80,000 screaming, drinking, and jeering fans. 80,000. Within my three months in Europe, I’ve been to a lot of big ‘cross races where spectators were lined shoulder to shoulder around the entire course, but this was at a whole new level. People sloshed through the pouring rain and muck for forty-five minutes just to get from their car to the venue. People camped out to claim a course-side spot for hours before the races started. And those same people let out an primal roar every time their cyclocross king, Sven Nys, got anywhere near them as he craved around the course in his final World Championships.

This fevered energy is passed on from the fans to the riders. Even though it’s a routine we’ve done dozens of times this season, the World Championships amplifies our pre-race nervousness. Perhaps it is because it’s our one and only opportunity to represent our National pride or perhaps it’s simply because it’s the biggest show of the year, but every year at World’s there are more mistakes, more crashes, and more reckless passes than at other point in the season. With all that going on, it’s easy to forget to simply focus in on your race, block out the crowd, and do what you always do.

Fortunately for all of us Canadian racers, much of this pre-race stress was minimized by our national project. It’s not something I thought I’d be able to say, but Canada was one of the most well represented countries at the World Championships and with seven staff members we undoubtably had some of the best support out there. I’m happy to say that we’ve taken huge strides since my first World Championships in Louisville. With the cyclocross working group stepping in over the course of the past year we are only going to see more and more riders with better and better performances in the years to come.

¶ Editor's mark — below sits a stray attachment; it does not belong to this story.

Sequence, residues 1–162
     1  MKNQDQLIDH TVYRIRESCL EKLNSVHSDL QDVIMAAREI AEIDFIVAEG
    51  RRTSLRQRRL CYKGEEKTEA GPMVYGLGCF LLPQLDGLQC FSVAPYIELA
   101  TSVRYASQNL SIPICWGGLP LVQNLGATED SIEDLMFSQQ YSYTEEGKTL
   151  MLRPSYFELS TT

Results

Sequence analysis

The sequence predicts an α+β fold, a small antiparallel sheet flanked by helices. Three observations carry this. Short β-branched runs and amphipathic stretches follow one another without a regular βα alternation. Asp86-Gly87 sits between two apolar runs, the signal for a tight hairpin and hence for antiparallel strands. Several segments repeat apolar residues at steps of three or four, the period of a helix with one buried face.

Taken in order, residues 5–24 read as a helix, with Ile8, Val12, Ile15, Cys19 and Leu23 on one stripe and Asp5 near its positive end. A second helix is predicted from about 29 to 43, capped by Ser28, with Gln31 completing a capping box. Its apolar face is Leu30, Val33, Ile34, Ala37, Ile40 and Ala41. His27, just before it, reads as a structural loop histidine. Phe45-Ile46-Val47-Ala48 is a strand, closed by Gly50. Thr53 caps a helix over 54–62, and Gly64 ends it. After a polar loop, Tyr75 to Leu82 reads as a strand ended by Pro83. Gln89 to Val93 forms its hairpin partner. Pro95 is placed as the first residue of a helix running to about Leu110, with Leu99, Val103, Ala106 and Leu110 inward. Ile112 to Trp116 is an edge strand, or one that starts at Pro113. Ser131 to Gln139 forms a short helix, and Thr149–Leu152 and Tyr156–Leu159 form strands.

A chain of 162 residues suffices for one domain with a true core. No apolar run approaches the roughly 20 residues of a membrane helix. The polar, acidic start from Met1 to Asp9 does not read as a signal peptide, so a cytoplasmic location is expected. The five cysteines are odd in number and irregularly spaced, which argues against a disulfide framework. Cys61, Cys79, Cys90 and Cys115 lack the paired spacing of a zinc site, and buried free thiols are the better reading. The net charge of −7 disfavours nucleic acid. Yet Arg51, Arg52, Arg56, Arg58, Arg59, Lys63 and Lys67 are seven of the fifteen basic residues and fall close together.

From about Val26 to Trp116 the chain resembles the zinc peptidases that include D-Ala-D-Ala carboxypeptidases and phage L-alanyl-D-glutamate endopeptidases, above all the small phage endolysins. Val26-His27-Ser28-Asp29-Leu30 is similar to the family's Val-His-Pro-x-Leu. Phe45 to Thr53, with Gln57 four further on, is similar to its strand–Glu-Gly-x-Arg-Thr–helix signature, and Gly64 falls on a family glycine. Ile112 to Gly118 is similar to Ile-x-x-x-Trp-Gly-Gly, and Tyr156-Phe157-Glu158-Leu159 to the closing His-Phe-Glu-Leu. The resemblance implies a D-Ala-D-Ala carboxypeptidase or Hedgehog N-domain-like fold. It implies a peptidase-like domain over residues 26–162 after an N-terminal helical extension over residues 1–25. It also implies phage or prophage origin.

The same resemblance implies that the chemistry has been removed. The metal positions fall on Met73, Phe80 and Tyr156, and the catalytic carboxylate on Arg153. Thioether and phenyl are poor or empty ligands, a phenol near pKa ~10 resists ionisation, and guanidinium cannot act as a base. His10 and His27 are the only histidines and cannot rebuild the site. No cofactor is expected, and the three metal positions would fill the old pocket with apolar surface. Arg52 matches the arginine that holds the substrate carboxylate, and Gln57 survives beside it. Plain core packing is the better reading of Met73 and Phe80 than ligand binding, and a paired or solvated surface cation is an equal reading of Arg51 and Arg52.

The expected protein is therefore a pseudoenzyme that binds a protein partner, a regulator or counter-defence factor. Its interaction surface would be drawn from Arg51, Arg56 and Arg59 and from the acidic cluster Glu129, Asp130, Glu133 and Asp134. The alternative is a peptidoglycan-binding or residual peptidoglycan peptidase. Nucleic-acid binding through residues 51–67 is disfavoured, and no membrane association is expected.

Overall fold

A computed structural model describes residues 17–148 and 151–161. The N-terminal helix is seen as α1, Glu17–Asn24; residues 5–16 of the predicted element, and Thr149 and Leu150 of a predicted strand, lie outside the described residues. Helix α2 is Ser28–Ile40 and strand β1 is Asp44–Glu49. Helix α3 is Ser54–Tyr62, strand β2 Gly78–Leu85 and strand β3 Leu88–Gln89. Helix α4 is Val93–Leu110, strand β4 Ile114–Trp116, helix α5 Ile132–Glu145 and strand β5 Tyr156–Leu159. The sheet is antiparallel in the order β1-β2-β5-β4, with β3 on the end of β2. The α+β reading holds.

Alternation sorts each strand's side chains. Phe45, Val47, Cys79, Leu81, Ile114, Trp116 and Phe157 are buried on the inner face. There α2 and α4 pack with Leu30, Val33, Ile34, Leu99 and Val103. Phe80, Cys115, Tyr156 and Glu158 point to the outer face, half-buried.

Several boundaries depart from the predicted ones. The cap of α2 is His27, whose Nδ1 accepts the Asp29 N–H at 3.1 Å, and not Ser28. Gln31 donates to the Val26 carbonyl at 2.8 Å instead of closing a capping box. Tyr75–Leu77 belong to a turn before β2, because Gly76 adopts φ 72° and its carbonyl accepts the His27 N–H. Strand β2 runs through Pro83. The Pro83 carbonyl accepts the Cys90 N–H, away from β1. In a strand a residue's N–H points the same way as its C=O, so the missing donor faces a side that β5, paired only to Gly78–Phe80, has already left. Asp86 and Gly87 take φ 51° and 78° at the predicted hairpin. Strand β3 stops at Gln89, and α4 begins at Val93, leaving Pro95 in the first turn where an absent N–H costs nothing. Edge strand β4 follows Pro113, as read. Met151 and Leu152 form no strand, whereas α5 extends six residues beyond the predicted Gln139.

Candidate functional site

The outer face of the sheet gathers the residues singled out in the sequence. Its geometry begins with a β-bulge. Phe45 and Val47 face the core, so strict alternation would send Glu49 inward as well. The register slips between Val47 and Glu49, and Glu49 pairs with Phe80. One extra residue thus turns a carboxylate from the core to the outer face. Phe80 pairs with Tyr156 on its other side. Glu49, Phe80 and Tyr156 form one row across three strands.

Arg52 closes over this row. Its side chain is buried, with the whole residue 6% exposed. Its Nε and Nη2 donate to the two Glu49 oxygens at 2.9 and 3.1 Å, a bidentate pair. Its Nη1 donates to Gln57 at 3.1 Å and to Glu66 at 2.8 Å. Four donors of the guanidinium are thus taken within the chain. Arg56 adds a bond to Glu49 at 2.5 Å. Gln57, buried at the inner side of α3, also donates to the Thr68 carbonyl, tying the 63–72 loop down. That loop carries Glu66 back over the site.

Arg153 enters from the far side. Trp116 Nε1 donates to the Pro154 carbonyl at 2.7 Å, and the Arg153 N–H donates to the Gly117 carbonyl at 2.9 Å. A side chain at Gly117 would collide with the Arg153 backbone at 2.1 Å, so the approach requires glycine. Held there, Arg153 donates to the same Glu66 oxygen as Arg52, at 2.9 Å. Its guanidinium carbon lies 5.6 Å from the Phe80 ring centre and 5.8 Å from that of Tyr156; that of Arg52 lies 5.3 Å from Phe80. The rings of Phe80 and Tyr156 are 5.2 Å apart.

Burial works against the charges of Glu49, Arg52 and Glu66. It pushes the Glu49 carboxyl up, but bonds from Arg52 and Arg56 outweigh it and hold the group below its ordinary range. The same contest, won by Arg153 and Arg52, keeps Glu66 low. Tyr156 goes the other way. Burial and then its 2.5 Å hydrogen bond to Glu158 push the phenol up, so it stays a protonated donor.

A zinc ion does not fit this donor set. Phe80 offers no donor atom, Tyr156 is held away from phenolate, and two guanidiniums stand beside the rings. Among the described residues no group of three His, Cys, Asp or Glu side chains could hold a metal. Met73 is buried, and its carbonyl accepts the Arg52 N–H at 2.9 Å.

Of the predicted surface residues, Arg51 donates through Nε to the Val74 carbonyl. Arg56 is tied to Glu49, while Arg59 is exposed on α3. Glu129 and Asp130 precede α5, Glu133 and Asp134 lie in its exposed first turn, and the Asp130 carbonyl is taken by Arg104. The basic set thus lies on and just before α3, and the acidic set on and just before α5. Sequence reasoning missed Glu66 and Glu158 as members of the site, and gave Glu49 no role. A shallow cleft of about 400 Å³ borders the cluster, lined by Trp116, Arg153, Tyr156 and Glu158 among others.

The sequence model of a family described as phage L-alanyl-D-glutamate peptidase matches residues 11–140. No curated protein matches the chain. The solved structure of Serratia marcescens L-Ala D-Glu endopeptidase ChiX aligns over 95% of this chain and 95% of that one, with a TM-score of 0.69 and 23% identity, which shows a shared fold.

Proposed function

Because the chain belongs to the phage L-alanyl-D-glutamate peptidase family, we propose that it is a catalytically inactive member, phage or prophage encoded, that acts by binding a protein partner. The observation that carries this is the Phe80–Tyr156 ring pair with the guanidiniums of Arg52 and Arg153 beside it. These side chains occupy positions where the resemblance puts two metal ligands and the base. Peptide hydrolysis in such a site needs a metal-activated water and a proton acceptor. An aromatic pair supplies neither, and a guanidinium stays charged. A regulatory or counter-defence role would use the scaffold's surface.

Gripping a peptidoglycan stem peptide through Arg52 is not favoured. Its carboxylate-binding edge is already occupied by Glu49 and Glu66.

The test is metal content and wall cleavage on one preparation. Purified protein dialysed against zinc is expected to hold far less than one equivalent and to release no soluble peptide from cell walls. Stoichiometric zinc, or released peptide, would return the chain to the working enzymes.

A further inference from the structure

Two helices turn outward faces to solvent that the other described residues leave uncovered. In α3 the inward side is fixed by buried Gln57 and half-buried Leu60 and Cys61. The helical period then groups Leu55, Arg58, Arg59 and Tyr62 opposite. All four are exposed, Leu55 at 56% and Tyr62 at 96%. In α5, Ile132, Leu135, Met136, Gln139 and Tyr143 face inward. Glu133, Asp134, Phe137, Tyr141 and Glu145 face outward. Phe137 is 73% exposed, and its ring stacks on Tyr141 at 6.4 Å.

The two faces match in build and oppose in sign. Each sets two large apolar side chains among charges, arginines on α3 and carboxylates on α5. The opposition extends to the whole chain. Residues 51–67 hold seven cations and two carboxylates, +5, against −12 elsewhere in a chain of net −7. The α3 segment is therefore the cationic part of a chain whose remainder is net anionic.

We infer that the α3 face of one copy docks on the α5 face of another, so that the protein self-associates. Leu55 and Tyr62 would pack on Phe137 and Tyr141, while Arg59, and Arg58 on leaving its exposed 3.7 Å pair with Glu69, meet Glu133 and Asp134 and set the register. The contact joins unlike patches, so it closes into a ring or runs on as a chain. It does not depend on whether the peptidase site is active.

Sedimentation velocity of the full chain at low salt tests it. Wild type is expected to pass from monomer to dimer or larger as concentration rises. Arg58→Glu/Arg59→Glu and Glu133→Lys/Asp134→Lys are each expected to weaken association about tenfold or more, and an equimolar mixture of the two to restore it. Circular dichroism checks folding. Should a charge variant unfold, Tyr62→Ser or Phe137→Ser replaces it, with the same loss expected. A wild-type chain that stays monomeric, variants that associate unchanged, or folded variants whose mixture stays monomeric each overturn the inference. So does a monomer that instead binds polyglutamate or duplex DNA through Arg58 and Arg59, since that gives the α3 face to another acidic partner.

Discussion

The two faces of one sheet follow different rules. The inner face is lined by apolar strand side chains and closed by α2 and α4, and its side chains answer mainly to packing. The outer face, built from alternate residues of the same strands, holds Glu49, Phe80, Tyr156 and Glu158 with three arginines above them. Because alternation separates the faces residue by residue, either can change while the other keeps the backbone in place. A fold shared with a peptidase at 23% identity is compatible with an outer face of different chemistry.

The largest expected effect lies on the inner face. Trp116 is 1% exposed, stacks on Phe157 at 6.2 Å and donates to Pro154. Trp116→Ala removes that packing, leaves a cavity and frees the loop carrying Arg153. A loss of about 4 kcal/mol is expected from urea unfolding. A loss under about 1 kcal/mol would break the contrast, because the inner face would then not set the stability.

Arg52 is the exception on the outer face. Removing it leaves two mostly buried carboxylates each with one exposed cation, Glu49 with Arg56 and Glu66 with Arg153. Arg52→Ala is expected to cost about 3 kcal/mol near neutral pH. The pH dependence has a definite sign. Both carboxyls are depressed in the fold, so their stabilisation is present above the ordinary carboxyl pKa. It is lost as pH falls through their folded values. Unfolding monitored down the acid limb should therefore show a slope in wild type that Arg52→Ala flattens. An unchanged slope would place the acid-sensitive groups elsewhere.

Speaking of performances, I’ll be honest and say my 45th place wasn’t quite what I was hoping for. After spending a season in Europe, I now have a pretty good idea of where I’m capable of riding at these races and I was pretty disappointed not to be there on the day. While my personal race fell more into the disappointing than successful category, but I’ve come to realize that there is much more to be learned from that experience than there is from the other. While it was not what I was looking for, my disappointment from World’s has given me a hunger and desire to do things better next time in a way that simply cannot be taught.

At the end of the day, I’ve had a great season. I scored C1 points at the toughest C1 in North America, I won a UCI race, I finished seven races in Europe on the lead lap, and I landed inside the top-40 at a World Cup. More importantly than those results, mentally, physically, and technically I’m a better racer than I was four months ago. Not being able to put it altogether for Worlds is always going to sting a little, but it’s also only one small part of what I think has been a very successful season. It’s always a good sign when the season has hardly ended and I’m excited about the one starting in eight months!

I can’t thank everyone who has been a part of my season enough. Thank you to my ‘cross season Red Truck Garneau p/b Easton and to my road team Trek Red Truck p/b Mosaic Homes. Thank you to my Cycle-Smart Inc. and my coach, Shaun Adamson. Thank you to all the local supporters, friends, and family for being a part of my year. Thank you to everyone who bought a cap or t-shirt. And, of course, thank you to my wife for being tackling this crazy sport with me.